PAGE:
After 2016 Clinton Email Hacks, Google Reconsiders Security for High-Profile Accounts

Rafia Shaikh
Google security

In the wake of politically motivated cyberattacks and sophisticated, state-sponsored hackers targeting politicians worldwide, Google is proposing a better, stronger, and old-school security solution for a select few. The company is working on new security tools, including one that will potentially replace two-factor authentication. Especially designed for high-profile corporate executives and politicians, Google's reported "Advanced Protection Program" will offer a number of additional features to these accounts, including physical security keys.

"Over the past year, Google has refurbished its account security systems several times," Bloomberg reported these new security features citing two people familiar with the company's plans. "The upgrades come as the company pitches its Gmail and document apps to business clients."

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Google's Advanced Protection Program could replace 2FA

Bloomberg reports that the new program would "effectively replace the need to use two-factor authentication to protect accounts with a pair of physical security keys." This is an important feature, but not the first time that Google will be marketing it. The device was first introduced in 2014 as a measure to improve security measures.

This new key under the Advanced Protection Program will be a second one required during the logging process. "When plugged into computers, the key lets users create more robust security measures for accounts on Gmail and other Google sites," the publication adds. "The new service will continue to require a physical USB key in addition to a second physical key for greater protection."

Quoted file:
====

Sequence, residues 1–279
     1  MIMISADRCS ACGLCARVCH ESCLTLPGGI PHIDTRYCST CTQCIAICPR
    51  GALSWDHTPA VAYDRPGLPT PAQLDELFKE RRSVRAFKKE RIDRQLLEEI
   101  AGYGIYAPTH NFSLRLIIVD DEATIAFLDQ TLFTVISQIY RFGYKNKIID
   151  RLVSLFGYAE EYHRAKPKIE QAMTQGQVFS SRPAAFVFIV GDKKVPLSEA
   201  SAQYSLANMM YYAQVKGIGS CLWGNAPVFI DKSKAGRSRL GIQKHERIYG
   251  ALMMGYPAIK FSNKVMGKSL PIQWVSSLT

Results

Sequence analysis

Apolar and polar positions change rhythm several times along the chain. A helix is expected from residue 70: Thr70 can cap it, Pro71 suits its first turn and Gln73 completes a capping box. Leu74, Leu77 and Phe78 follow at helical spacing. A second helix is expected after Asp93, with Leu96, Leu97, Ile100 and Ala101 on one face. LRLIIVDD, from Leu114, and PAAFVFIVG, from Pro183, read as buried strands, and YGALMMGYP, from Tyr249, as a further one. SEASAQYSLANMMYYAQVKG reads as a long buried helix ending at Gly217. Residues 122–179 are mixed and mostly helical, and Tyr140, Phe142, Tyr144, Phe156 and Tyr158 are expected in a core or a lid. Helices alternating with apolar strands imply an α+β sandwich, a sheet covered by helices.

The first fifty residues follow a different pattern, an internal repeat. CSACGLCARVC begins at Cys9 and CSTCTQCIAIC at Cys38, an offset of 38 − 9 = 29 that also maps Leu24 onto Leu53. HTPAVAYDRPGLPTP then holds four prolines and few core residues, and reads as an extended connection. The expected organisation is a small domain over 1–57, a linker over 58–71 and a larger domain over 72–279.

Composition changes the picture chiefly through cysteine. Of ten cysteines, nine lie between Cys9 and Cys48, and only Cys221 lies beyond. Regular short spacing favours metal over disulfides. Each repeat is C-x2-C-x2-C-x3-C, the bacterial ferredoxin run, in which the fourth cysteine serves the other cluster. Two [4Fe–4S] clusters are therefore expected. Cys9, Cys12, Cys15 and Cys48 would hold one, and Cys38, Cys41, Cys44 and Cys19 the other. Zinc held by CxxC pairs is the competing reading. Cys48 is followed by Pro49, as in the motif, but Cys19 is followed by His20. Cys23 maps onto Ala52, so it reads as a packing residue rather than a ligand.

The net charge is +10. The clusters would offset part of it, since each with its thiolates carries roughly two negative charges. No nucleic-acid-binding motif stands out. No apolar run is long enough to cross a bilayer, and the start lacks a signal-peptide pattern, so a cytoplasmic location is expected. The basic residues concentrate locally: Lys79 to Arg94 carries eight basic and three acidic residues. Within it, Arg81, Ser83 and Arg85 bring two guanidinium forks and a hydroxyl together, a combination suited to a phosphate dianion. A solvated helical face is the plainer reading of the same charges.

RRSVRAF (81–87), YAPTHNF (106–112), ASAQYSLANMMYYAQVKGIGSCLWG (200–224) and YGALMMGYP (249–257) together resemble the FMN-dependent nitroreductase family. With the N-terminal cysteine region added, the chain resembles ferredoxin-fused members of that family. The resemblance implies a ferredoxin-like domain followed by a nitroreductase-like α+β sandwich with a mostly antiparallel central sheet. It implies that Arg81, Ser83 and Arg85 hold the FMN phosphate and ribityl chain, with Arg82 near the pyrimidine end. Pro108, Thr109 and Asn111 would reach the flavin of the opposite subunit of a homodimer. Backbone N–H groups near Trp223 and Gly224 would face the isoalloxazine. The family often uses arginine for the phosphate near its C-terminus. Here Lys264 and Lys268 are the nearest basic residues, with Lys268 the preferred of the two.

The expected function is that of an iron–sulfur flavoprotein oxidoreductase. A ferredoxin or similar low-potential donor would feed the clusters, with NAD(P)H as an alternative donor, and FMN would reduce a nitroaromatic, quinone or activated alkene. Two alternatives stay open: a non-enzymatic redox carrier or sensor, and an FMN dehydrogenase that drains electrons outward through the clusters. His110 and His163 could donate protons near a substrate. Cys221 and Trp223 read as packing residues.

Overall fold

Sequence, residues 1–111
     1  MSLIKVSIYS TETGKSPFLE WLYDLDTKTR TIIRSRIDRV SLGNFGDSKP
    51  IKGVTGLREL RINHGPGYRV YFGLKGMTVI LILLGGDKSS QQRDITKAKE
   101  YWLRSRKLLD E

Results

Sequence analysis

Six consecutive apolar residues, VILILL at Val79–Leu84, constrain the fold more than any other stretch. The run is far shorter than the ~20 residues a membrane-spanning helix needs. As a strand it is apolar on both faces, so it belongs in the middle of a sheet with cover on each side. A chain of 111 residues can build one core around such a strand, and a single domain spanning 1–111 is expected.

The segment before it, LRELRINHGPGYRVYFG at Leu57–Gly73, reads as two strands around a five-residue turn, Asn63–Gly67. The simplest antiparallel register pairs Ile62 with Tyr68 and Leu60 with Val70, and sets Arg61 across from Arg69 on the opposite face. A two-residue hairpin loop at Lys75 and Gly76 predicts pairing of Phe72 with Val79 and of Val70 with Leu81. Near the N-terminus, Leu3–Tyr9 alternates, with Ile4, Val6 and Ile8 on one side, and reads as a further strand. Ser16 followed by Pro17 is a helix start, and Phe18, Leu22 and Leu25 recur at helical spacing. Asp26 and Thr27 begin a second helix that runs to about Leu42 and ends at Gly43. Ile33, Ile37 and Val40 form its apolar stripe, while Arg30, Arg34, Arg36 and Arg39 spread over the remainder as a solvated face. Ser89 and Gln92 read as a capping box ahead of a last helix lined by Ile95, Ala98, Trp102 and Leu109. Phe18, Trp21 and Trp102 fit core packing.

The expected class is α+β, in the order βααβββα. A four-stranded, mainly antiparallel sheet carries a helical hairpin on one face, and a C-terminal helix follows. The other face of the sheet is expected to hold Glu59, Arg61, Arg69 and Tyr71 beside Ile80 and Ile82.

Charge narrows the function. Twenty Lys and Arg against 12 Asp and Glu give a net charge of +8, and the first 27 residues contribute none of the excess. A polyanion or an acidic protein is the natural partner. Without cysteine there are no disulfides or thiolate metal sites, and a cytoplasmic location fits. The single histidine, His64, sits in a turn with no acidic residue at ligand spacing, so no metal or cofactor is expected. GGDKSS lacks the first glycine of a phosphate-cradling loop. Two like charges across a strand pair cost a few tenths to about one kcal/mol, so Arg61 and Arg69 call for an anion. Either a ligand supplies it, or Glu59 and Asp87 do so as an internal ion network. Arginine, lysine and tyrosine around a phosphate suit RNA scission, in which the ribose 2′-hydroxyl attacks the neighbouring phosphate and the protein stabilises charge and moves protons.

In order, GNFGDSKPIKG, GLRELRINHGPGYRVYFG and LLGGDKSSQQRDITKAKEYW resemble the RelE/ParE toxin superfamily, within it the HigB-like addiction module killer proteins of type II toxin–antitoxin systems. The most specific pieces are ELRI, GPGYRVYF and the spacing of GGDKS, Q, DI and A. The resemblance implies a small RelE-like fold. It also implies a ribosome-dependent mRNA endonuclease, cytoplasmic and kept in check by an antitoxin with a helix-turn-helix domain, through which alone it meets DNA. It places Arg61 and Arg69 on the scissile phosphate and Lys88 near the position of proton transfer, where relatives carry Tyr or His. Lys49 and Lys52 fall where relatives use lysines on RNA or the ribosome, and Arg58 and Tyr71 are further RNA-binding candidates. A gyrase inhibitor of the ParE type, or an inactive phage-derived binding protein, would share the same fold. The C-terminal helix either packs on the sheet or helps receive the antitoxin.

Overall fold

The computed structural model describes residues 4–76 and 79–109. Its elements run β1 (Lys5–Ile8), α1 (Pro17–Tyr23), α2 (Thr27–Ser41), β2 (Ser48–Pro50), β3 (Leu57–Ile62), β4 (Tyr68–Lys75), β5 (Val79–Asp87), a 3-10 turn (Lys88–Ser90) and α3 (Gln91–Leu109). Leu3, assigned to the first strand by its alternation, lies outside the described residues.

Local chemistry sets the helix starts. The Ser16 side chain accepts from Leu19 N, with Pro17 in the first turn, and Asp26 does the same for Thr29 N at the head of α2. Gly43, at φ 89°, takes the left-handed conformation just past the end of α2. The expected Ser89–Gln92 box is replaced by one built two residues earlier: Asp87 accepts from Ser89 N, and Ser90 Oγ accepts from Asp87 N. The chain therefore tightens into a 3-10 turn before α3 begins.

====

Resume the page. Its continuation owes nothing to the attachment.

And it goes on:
Recent hacks, especially the security flaws in SS7 protocol, have made breaking two-factor authentication extremely easily. Users are also unwittingly tricked into delivering their codes using social engineering techniques. With a physical key - that has been introduced by various third-party password managers, as well - select Google accounts would only be unlocked by someone who has both the password and the physical keys available.

In an effort to help those who are being specifically targeted by criminals online, Google's new security tools will also include a service that will block third-party applications from accessing any data. While Bloomberg's report notes the hack of Gmail account of John Podesta, Hillary Clinton’s 2016 Presidential election campaign chairman, cybersecurity and targeted hacks continue to be one of the biggest concerns for the governments worldwide.

Google will be updating this program on an ongoing basis to continue protecting user data and account security for those under this Advanced Protection Program. The service will reportedly launch later this month and will be available to individuals with "heightened security concerns." It is unclear at the moment if the company will offer the enhanced security protections to normal Google users, as well.

- We have reached out to Google for a comment on this report and will update this space accordingly.

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